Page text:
STCC Bike Month Facts #9 Helmet


Like the seatbelt, wearing a helmet has become a natural part of our bike ride – at least for most of us. It’s the cheapest and most dependable piece of gear we own and protects one of the few parts of our body that we can’t replace or do without – our head. There is some disagreement over the effectiveness of the helmet in some crashes, but there is no debate that wearing a helmet gives you better chances in a fall or crash than not having one.
“The most serious injuries among a majority of those killed are to the head, highlighting the importance of wearing a bicycle helmet. Eighty-nine percent of bicycle deaths are persons 16 and older, so helmet laws should include adults. Helmet use has been estimated to reduce head injury risk by 85 percent.” Bicycle Helmet Safety Institute.
It’s true that many of we older folk rarely wore a helmet when riding a bicycle in our youth. Much of that behavior was due to lack of knowledge. Lack of knowledge about the true impact of head injuries and the ease to which they could be minimized. The lack of focus on wearing helmets could also be directly attributed to the almost complete absence of these in retail stores at the time.
History. “The most efficient shape for a helmet in a crash resembles a bowling ball. Round, smooth surfaces slide well and "scrub off" energy from a crash, while avoiding any tendency for the helmet to snag and jerk the rider's neck. This has been demonstrated in lab tests.” Bicycle Helmet Safety Institute. This is true enough, but who wants to wear a bowling ball? Tough sell.  It may seem surprising that most bicycle helmets are still made of the EPS developed in the 1950's.
Technology. Helmets for those on the bicycle didn’t appear until the 1930s, when Bill Honeman led the charge to get effective head protection for himself and his professional bike racing colleagues.  As you can see from the above chart, technologies for helmets have been slow to change.  Most today utilize EPS as the foam fill to compress when you have and accident.  "Expanded PolyStyrene is one of the most widespread foams used in our society. It is the white picnic cooler foam that you see eggs and stereo gear packed in. It is the peanuts in your mail order package. It is the white food carton or drink cup you get at a carry-out. It is cheap to manufacture, light, and has almost ideal crush characteristics with no bounce-back to make the impact more severe. It can be reliably manufactured with reasonable quality control procedures."  BHSI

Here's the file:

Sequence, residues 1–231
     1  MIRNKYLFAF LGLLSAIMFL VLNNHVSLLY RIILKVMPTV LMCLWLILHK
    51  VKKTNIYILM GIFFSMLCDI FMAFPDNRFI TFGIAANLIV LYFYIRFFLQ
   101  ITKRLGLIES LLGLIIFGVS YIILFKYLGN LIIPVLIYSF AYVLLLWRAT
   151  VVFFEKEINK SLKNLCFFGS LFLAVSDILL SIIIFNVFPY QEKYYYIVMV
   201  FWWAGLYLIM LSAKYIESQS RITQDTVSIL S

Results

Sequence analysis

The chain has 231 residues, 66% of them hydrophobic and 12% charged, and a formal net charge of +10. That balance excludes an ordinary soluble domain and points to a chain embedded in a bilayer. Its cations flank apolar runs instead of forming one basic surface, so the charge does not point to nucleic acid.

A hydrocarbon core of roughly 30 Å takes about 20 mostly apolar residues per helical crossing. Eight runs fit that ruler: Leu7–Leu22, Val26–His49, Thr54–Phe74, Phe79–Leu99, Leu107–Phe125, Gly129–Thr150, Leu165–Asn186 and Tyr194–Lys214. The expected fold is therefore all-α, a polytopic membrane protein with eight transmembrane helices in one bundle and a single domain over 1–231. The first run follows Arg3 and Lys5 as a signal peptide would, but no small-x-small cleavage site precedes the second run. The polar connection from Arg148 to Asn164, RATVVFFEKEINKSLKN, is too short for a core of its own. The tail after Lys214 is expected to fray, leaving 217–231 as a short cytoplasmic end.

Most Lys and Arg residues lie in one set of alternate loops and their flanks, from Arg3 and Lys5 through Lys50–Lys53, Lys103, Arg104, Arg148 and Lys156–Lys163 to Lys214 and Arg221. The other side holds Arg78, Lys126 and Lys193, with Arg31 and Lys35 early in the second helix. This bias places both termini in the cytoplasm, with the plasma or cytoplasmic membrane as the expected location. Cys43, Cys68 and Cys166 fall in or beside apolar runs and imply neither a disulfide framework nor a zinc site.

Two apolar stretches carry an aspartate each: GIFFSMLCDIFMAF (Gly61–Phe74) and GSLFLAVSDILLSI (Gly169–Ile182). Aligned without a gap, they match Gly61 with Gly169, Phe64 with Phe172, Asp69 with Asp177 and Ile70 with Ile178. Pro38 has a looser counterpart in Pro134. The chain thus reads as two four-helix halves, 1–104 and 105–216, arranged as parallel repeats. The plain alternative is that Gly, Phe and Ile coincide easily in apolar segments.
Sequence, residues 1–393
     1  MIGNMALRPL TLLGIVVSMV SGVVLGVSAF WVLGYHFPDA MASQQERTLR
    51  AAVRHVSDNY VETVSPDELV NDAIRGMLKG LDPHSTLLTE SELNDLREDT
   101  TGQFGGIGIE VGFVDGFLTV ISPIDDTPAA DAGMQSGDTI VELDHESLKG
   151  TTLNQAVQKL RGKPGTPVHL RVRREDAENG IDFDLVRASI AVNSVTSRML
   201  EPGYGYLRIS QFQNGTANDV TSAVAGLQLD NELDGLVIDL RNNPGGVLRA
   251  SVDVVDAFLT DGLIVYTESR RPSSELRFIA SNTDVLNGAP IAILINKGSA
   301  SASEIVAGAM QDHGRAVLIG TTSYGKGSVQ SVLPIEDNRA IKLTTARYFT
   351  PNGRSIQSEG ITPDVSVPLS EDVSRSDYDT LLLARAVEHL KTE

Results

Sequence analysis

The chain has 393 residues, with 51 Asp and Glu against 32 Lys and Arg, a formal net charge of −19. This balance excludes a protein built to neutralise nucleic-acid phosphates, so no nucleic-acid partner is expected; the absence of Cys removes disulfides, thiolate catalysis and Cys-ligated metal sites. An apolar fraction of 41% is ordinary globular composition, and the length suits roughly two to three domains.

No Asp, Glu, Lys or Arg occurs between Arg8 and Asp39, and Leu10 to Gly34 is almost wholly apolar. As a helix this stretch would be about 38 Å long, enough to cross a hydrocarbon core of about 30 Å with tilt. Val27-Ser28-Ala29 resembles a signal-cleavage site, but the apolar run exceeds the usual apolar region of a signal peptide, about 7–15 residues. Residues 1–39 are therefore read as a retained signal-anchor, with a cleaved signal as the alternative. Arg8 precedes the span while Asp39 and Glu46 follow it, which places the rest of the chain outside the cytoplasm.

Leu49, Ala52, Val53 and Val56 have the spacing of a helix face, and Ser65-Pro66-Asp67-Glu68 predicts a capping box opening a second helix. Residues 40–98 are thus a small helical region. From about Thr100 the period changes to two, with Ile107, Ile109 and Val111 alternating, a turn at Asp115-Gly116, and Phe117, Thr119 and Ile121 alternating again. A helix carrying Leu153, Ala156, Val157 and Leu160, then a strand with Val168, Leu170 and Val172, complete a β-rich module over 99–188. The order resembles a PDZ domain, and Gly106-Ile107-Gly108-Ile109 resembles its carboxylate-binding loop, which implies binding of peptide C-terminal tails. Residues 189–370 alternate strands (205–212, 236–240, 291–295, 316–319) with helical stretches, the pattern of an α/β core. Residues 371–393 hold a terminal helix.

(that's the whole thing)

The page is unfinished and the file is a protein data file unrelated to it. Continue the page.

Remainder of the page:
In very recent times, a few companies have invested in innovative approaches to improve the effectiveness of cycling helmets.  For more detailed information on history, technologies and innovation follow the links at the end of this document.
Layered Compression. Although helmet style has changed, over the last 10-12 years, there have been no significant advances in the material of the helmet that is to absorb the impact during a crash. Recently, one company (Kali) has released versions of a helmet that utilizes layers of carbon cloth, which compress during impact and absorb the shock much more effectively than other technologies.
Airbags. There are a number of companies that are adapting technology that has been developed to protect snow skiers. This is in effect, an airbag for you on the bike. In the case of the helmet, this would allow the person on the bicycle to wear a very non-intrusive piece of gear either around their neck or over their head like a scarf. When, as in your automobile, the motion suggests and impact is about to happen, the device would deploy the airbag, protecting the head and neck. These are only now becoming available and acceptance may happen over time.
Sensors. As we’ve seen recently, particularly with American football, sensors placed in helmets which store data from falls or collisions, can provide valuable and immediate information to medical personnel trying to evaluate an accident victim. Also appearing on the market are helmets with heart rate sensors and other data collection capabilities which can interact with your smartphone. One sensor can detect force (crash or collision) and instruct your smartphone to call for help.

MIPS Technology.

Education is everything.

Classic Cycle 


Bike Advisor 

New-Fangled Bicycle Helmets: Not Just Brain Buckets Anymore


Kali Helmets

MIPS Technology

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